East Fork Carson River

Rafting & Hot Springs Near Tahoe

ABOUT THEEast Fork Carson River

  • Soak in natural hot springs along the river
  • Free flowing river, not dam controlled, and only available in the spring (Rafting this river section is based on water height not available every year)
  • Close to Lake Tahoe, a perfect experience to add to your Tahoe vacation
  • High elevation river located in the northern end of the Eastern Sierras
  • Beautiful side hike from camp
  • Fantastic fishing including Lahontan cutthroat trout
  • We are one of two companies that have a permit to raft the East Fork Carson

The East Fork Carson River originates from Sonora Peak in Alpine County, California, within the Carson-Iceberg Wilderness of the Humboldt-Toiyabe National Forest. The gorge of the East Fork of the Carson River was shaped by an 18-mile long glacier at the base of 11,500-foot Sonora Peak, leaving behind riverine terraces with round boulders.

The East Fork Carson River is renowned for its crystal-clear waters, offering excellent opportunities for fishing, hiking, and camping. The river is fed by mountain springs and snowmelt, offering a pristine and refreshing flow, lush meadows, towering pine forests, and rugged mountain terrain. The river serves as a vital component of the Carson River watershed, contributing to the rich biodiversity and ecosystem of the region.

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Let's GoRafting

POPULAR
Dates: April
- May
Starting at

$339

FETCHING TRIPS

WHY THEEast Fork Carson River

Did someone say hot springs?!

This river is a great introduction to California rafting, but it lures veterans back year after year. The unique river-side hot springs are a rare experience. Glimpses of the snow covered peaks are spectacular as you raft down the East Fork Carson River. This wilderness section is swift, yet easy going; safe and fun for various levels of experience.

Due to it’s proximity to Lake Tahoe whitewater rafting the East Fork Carson is an easy add on to any Tahoe vacation.

 

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History & Wildlife

The East Fork Carson River boasts a history that spans centuries, with roots deeply embedded in the era long before European exploration with the Washoe people. The mid-19th century ushered in significant changes with the arrival of European settlers during the California Gold Rush. While the East Fork Carson River itself might not have been a primary gold-producing area, the adjacent regions experienced a surge in population and activity as fortune seekers explored the surrounding landscapes. This period marked a pivotal turning point, shaping the cultural and economic dynamics of the Carson Valley and its neighboring areas.

In the late 19th and early 20th centuries, the logging industry etched its mark on the landscape. This impact resonated through the forests, influencing the region’s ecological balance. Amidst these changes, the river itself emerged as a habitat for Lahontan cutthroat trout, a federally threatened species. Designated as Wild Trout Waters by the California Fish and Game Commission, this segment offers anglers the chance to fish in aesthetically pleasing and environmentally productive waters, hosting populations of Lahontan cutthroat trout, coastal rainbow trout, and brown trout. In addition to the rich fish population the East Fork Carson is also home to mule deer, black bears, mountain lions, coyotes, bobcats, hawks, eagles and more.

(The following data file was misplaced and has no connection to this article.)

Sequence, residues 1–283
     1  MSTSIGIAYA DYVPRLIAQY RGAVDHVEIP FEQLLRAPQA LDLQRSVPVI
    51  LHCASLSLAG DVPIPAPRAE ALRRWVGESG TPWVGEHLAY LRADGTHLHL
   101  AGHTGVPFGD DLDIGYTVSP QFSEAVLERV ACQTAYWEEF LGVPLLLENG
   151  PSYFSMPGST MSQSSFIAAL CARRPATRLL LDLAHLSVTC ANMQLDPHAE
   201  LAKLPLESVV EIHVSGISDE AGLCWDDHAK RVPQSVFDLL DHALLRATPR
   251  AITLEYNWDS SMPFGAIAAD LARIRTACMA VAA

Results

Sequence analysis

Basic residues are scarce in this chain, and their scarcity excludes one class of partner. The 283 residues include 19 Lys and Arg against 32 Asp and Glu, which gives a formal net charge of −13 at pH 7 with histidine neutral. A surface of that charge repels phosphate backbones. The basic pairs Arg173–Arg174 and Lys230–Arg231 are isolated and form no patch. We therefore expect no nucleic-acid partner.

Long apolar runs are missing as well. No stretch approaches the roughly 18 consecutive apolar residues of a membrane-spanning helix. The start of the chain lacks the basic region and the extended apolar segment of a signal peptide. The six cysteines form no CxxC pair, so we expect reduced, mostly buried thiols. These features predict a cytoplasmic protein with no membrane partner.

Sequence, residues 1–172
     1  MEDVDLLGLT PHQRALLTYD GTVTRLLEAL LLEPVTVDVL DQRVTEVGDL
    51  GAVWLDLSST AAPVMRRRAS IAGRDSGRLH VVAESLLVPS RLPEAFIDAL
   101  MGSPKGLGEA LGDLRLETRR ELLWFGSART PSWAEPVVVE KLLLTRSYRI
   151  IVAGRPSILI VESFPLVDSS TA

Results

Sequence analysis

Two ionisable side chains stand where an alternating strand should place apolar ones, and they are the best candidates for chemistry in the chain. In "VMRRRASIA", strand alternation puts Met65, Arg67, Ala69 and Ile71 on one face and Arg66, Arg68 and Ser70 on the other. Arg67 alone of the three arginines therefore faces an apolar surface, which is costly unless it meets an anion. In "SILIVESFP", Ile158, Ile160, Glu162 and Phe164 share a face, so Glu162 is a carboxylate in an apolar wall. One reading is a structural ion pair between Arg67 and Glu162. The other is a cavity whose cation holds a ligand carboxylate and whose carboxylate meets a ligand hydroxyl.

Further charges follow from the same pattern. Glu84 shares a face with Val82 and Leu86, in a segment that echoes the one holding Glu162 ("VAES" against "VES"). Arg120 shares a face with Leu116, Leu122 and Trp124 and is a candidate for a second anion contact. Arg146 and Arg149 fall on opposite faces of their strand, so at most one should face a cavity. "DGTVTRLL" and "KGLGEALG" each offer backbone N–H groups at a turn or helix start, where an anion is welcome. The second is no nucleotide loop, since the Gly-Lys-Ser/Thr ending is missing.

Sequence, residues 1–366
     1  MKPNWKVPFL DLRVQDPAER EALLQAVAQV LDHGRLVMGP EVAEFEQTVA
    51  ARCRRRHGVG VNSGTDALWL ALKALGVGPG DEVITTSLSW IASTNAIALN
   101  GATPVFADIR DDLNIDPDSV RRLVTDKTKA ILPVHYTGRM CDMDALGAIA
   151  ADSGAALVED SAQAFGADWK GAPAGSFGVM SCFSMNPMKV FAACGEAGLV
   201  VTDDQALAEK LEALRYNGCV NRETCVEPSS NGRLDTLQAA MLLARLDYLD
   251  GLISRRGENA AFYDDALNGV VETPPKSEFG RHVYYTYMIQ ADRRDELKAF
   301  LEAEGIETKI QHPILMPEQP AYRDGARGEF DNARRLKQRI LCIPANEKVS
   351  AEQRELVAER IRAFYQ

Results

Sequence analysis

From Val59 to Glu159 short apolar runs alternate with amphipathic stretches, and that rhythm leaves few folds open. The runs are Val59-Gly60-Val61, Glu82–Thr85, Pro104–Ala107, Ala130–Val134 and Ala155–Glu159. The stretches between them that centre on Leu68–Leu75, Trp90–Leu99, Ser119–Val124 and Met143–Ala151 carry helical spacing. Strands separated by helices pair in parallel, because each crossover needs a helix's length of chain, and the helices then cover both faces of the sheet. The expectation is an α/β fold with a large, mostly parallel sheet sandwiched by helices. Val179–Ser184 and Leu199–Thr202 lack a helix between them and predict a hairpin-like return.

Despite proposed plans by the United States Bureau of Reclamation (USBR) for a $23 million dam in 1962 to provide irrigation water and generate power, neither the canal nor the dam came to fruition, leaving the river’s course untouched by such developments.

The Sierra Nevada mountain range, including the areas around the East Fork Carson River, has a complex geological history that contributes to the existence of hot springs. A highlight of our whitewater rafting trip on this river!As groundwater moves through the subsurface, it can be heated by contact with hot rocks or magma. This heated water then rises back toward the surface, following pathways created by faults and fractures. The presence of hot springs can create unique ecosystems, attracting specific plant and microbial life adapted to the warm and mineral-rich environment.

QUESTIONS ABOUT THEEast Fork Carson River

Where should I stay the night before my trip in Markleeville?

Stay at the Carson River Resort in Markleeville. These are the perfect studios for families, couples and groups. This is also the meeting location for your Carson River overnight white water rafting trip. If you stay at the resort, parking while on the river is included, a $25/vehicle savings!

ACKNOWLEDGING Ancestral Lands

As we journey down the East Fork Carson River, we’ll pass through lands rich in history and culture of the Washoe Tribe. Recognizing these communities is a way of honoring their legacy, their lives, and their descendants.

Acknowledging the Indigenous communities whose lands we visit is a crucial step in understanding our shared history and the ongoing challenges faced by these populations today. For more insight, visit our Territory Acknowledgement page. We encourage you to learn about the people whose land we’re privileged to explore by following the links above.

Our Territory Acknowledgement is an evolving project. If you find missing information or acknowledgments, please share it with us. Together, we can ensure accuracy, inclusivity, and respect. Thank you.